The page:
Listed Building

The only legal part of the listing is the address/name of site. Addresses and building names may have changed since the date of listing – see ‘About Listed Buildings’ below for more information.


Status: Designated


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Date Added
Local Authority
Planning Authority
NT 31832 63952
331832, 663952


Circa 1790. 2-storey, 3-bay, T-plan Georgian house with later additions and alterations. Coursed, tooled pink sandstone with droved dressings. Base course; raised margins; eaves course; strip quoins.

SE (PRINCIPAL) ELEVATION: symmetrical; architraved doorway to centre bay of ground floor; panelled timber door with 3-pane fanlight; 19th century tripartite window to each flanking bay. Regular fenestration to 1st floor. 19th century single storey wing to outer right.

NE ELEVATION: asymmetrical; 4-bay; 19th century wing advanced to ground floor of bay to left (altered in 20th century to form garage); window off-centre to right of 1st floor, window to ground and 1st floors of right return. 3 bays to right recessed; panelled timber door with 3-pane fanlight to bay to right, flanked to left by 2 windows; boarded timber door to basement at outer right reached by stone steps; large window to right of 1st floor, small window to centre.

NE ELEVATION: asymmetrical; 3-bay; canted 3-light window off-centre to left through ground and 1st floors; window to ground floor of flanking bay to left; window to ground and 1st floors of flanking bay to right.

NW ELEVATION: asymmetrical; 3-bay. Later 20th century conservatory obscuring ground floor; window to centre and right bays of 1st floor; bay to left advanced with window off-centre to right of 1st floor.

Predominantly 12-pane timber sash and case windows. Purple-grey piended slate roof with lead ridges. Shouldered stone and cement faced, coped wallhead stacks with octagonal cans. Cast-iron rainwater goods.

INTERIOR: original cornices, skirting boards, doors and mouldings survive. Buffet recess with moulded surround to dining room.

GATEPIERS: coursed pink sandstone gatepiers with corniced necks and curved caps; modern timber gates.

Statement of Special Interest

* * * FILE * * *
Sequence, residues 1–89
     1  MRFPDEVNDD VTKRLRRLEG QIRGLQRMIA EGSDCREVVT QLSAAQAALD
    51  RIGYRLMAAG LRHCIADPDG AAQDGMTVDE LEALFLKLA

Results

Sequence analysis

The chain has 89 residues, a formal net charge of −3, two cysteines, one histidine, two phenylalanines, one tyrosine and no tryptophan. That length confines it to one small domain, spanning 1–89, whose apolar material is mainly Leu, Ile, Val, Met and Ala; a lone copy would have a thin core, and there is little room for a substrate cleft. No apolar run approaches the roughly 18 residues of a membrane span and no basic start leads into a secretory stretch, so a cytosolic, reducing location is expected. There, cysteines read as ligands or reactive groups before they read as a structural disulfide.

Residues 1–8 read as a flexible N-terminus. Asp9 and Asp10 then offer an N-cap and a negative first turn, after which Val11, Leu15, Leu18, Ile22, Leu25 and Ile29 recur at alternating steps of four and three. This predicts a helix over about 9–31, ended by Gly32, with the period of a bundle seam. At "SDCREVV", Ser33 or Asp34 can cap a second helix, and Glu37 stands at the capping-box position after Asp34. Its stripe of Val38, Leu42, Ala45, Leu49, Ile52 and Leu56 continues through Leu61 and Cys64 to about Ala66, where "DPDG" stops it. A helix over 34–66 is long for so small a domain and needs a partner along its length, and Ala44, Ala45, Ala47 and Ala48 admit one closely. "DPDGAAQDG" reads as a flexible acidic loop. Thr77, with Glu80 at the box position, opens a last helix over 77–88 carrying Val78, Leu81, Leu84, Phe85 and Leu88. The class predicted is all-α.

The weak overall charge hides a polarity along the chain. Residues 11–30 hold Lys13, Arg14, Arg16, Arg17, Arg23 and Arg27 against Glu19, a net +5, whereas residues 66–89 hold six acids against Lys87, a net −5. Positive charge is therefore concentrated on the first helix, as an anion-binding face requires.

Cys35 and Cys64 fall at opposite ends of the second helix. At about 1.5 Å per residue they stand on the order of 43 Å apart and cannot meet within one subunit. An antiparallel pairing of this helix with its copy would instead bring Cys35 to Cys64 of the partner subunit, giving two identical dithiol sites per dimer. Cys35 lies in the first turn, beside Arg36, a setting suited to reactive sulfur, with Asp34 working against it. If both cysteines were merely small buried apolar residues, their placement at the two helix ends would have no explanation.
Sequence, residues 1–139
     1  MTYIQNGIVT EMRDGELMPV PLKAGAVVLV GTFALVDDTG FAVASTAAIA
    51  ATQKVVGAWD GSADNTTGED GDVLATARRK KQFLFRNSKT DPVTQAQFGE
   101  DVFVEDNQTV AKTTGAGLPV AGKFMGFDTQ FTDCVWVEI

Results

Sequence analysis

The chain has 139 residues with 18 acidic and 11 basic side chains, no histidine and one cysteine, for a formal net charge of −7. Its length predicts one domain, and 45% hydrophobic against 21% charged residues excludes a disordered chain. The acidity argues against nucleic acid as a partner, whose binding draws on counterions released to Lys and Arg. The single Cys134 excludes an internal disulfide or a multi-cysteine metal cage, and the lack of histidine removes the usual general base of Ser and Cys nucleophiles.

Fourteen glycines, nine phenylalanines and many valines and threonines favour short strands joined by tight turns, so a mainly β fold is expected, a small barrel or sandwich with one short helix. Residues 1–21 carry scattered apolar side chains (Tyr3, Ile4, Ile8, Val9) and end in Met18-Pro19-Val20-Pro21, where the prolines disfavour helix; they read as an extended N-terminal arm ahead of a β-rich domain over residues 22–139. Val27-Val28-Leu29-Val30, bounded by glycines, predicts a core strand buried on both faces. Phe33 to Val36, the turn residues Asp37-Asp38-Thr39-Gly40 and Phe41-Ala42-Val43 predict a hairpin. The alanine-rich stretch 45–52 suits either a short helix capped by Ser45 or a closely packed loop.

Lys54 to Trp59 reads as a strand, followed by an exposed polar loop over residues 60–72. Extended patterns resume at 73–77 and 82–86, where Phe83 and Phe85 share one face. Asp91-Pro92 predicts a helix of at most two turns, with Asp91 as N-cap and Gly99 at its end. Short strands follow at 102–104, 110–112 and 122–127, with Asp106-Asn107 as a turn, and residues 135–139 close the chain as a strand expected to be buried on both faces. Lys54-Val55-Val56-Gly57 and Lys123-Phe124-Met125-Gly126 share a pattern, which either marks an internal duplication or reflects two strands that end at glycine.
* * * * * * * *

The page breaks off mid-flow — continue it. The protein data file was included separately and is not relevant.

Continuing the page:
Dalhousie Grange was formerly the dower house to Dalhousie Castle (see separate listing), a small gate in the wall opposite the gate provided access to the path to the castle and to a footbridge over the Dalhousie Burn (listed under the Castle's policies). The adjacent cottage was accommodation for various staff, e.g. gardener, chauffeur.




About Listed Buildings

Historic Environment Scotland is responsible for designating sites and places at the national level. These designations are Scheduled monuments, Listed buildings, Inventory of gardens and designed landscapes and Inventory of historic battlefields.

We make recommendations to the Scottish Government about historic marine protected areas, and the Scottish Ministers decide whether to designate.

Listing is the process that identifies, designates and provides statutory protection for buildings of special architectural or historic interest as set out in the Planning (Listed Buildings and Conservation Areas) (Scotland) Act 1997.

We list buildings which are found to be of special architectural or historic interest using the selection guidance published in Designation Policy and Selection Guidance (2019)

Listed building records provide an indication of the special architectural or historic interest of the listed building which has been identified by its statutory address. The description and additional information provided are supplementary and have no legal weight.

These records are not definitive historical accounts or a complete description of the building(s). If part of a building is not described it does not mean it is not listed. The format of the listed building record has changed over time. Earlier records may be brief and some information will not have been recorded.

The legal part of the listing is the address/name of site which is known as the statutory address. Addresses and building names may have changed since the date of listing. Even if a number or name is missing from a listing address it will still be listed. Listing covers both the exterior and the interior and any object or structure fixed to the building. Listing also applies to buildings or structures not physically attached but which are part of the curtilage (or land) of the listed building as long as they were erected before 1 July 1948.

While Historic Environment Scotland is responsible for designating listed buildings, the planning authority is responsible for determining what is covered by the listing, including what is listed through curtilage. However, for listed buildings designated or for listings amended from 1 October 2015, legal exclusions to the listing may apply.

If part of a building is not listed, it will say that it is excluded in the statutory address and in the statement of special interest in the listed building record. The statement will use the word 'excluding' and quote the relevant section of the 1997 Act. Some earlier listed building records may use the word 'excluding', but if the Act is not quoted, the record has not been revised to reflect subsequent legislation.

Listed building consent is required for changes to a listed building which affect its character as a building of special architectural or historic interest. The relevant planning authority is the point of contact for applications for listed building consent.

Find out more about listing and our other designations at You can contact us on 0131 668 8914 or at


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Printed: 07/06/2020 00:25